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Council shelves bingo tax rise

The Baltimore Sun

About two weeks after his proposal to tax rental cars crashed at the State House, County Executive John R. Leopold faces a challenge to keep his bid to raise the commercial bingo tax from stalling.

The County Council shelved the bingo bill until Leopold announces his first spending plan in May, suggesting that the county executive's call for "revenue enhancements" has lost steam, some business leaders, lawmakers and observers say.

"Apparently [the council] would like to see the shape of the budget to see if it's worth taking the political hit, depending on where the money could go in the budget," said Dan Nataf, director of the Center for the Study of Local Issues at Anne Arundel Community College.

Council members said they needed more time to weigh the merits of the bill, which was introduced a month ago.

With Councilman Edward R. Reilly, a Crofton Republican whose district includes Wayson's Bingo, absent from Tuesday's council meeting, five members voted to postpone a vote until at least May 7.

Councilman Daryl D. Jones, a Severn Democrat whose district includes another of the county's three bingo halls, made a motion to hold the bill as a "legislative courtesy" to Reilly.

"I've heard from the county executive and I understand we need revenue, but I'd like to hear what some of the alternatives are," said Council Chairman Ronald C. Dillon Jr., a Pasadena Republican. "Right now I'm sitting neutral, waiting to get more information."

Still, the Leopold administration remains confident that the initiative to raise the commercial bingo tax from 7.5 percent to 10 percent - a move that would generate $300,000 to $500,000 annually for the county - will be passed by the Republican-majority council.

The money would do little for a county whose budget exceeds $1 billion, but Leopold has said that the bill would bring into alignment the tax being charged on most other admissions and amusements and add to his arsenal of revenue options. Leopold has said that he will not promote an expansion of gambling.

The county's chief lobbyist, Alan R. Friedman, said the council's consideration of the budget and the bingo bill "can move along parallel tracks." Leopold will announce his budget May 1.

Friedman acknowledged that in tax-averse Anne Arundel, some elected officials don't want to vote for any tax increase.

"We will continue to talk," he said. "Everyone showed their good faith by holding the bill."

Leopold fared worse when he sought state authority to impose a rental car tax, which would generate up to $5 million a year. The county's senators approved a watered-down version of that bill, allowing the creation of a task force to weigh revenue ideas. The Anne Arundel delegates voted down a study to consider the feasibility of a rental-car tax.

Leopold said last week that he will soon introduce county legislation to raise developer impact fees on home construction to pay for extensive improvements of roads, schools and other projects.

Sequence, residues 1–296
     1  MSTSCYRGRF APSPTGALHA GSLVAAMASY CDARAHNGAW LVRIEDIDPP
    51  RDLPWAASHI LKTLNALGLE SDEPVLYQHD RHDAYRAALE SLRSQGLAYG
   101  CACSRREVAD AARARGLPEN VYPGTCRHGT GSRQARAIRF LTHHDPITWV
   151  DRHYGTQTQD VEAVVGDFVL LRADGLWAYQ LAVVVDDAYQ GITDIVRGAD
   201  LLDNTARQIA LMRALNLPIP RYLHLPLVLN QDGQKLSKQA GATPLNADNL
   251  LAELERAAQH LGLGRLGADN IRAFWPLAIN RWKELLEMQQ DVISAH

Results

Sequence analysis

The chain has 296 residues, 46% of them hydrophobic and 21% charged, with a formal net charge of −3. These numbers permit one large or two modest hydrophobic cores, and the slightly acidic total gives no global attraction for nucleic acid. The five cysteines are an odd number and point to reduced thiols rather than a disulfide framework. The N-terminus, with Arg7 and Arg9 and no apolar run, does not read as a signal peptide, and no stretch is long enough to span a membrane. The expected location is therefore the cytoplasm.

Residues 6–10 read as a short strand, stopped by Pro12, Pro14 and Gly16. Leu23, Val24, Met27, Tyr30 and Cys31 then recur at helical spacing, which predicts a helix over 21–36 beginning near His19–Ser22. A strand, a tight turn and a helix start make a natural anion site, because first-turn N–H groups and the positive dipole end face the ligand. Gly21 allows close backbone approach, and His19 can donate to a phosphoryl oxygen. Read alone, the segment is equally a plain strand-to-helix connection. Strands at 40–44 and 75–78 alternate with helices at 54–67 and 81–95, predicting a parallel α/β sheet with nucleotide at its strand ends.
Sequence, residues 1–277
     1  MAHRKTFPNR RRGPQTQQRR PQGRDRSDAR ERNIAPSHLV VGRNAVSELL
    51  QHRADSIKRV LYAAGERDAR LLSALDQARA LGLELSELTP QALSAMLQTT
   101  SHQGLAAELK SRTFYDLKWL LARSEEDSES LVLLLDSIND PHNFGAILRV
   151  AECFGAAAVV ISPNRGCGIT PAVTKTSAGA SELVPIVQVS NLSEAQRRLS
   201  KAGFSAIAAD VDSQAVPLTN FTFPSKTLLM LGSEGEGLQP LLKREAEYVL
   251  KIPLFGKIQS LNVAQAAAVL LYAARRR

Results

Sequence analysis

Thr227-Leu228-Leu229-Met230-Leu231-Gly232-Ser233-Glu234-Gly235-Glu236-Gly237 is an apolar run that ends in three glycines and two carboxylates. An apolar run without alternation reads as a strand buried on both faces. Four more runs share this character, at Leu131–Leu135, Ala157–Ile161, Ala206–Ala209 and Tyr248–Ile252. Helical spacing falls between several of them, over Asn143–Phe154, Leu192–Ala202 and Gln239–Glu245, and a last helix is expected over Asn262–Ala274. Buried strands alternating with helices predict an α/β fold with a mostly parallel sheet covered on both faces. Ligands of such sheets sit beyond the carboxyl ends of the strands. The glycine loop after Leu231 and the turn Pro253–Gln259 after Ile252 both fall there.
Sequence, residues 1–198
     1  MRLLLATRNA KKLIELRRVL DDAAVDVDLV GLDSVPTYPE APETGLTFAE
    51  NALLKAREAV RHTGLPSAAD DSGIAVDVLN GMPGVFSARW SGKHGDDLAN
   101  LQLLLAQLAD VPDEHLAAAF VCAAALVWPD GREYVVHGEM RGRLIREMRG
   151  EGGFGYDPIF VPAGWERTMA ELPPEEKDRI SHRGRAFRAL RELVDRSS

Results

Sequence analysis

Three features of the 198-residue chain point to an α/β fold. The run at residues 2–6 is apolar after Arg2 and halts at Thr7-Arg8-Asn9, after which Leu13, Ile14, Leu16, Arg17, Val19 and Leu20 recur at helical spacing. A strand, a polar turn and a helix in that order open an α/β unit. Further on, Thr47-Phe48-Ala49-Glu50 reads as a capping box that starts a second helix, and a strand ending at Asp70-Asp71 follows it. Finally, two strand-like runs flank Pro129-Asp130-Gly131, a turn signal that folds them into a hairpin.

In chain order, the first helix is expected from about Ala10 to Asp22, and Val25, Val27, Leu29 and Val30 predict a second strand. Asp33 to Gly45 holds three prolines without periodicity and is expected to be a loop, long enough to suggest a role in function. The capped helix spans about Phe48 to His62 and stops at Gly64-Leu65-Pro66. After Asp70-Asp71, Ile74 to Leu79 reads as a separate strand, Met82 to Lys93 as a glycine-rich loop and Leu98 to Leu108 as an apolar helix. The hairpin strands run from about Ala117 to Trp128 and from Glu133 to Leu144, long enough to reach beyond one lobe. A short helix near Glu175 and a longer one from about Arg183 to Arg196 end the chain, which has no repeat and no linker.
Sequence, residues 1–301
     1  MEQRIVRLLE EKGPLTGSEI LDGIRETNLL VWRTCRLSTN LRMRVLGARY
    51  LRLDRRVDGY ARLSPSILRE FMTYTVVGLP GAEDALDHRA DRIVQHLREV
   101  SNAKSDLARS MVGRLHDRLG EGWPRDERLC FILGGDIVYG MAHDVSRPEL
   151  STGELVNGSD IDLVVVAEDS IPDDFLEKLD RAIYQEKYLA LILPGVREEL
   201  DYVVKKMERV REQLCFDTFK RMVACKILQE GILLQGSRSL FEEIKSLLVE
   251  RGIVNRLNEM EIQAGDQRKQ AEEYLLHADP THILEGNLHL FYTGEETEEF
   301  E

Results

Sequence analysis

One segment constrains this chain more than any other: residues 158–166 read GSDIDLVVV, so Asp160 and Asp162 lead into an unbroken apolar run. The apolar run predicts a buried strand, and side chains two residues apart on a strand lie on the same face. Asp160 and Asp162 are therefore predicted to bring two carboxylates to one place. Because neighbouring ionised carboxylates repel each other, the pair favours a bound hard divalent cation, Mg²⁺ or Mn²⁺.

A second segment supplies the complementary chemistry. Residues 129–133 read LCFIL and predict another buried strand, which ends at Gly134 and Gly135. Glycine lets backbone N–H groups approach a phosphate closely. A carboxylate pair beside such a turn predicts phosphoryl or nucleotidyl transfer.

The county faces numerous challenges brought on by a flurry of labor contractors, a school maintenance backlog and transit improvements around Fort Meade. County officials said those costs could add $200 million annually to the operating budget.

Having run for county executive last year on a no-new-taxes pledge, Leopold has tried to focus his calls for taxes on visitors and new residents. Like the council, he opposes raising property or income taxes, and he has called on his department heads to cut their budgets by up to 10 percent.

Nataf said Leopold is following the theme of fellow Republican Robert L. Ehrlich Jr., who as governor raised fees, not broad-based taxes, to help balance the state budget.

"There's no way he's going to push along a very big tax increase," Nataf said. "He knows he's got a mission impossible."

Bob Burdon, chief executive of the Annapolis and Anne Arundel County Chamber of Commerce, said he wonders how many times the council will support "piecemeal" tax proposals "before they stop raising their hands." He repeated the business community's call for Leopold to delay any raises in taxes or fees until a county panel completes a comprehensive review of its revenues by next year.

"All of what he is doing is premature," Burdon said of Leopold's proposals.

County officials said the $15 million bingo industry in Anne Arundel can afford to pay more, but bingo establishments worry that higher taxes will make them less competitive with halls in Calvert County, where the tax rate on gross receipts is 0.5 percent.

Michael G. Leahy, an attorney who represents the Maryland Bingo Coalition, said there are ways of boosting revenue from bingo halls without raising their taxes.

According to tax figures he provided, the county garnered $516,000 in taxes from bingo establishments in fiscal year 2002. The number jumped to $877,000 in fiscal 2006. Some of that boost has been attributed to a 2005 county law that expanded the variety of bingo games and increased the jackpot size.

Sun reporter Dan Lamothe contributed to this article.

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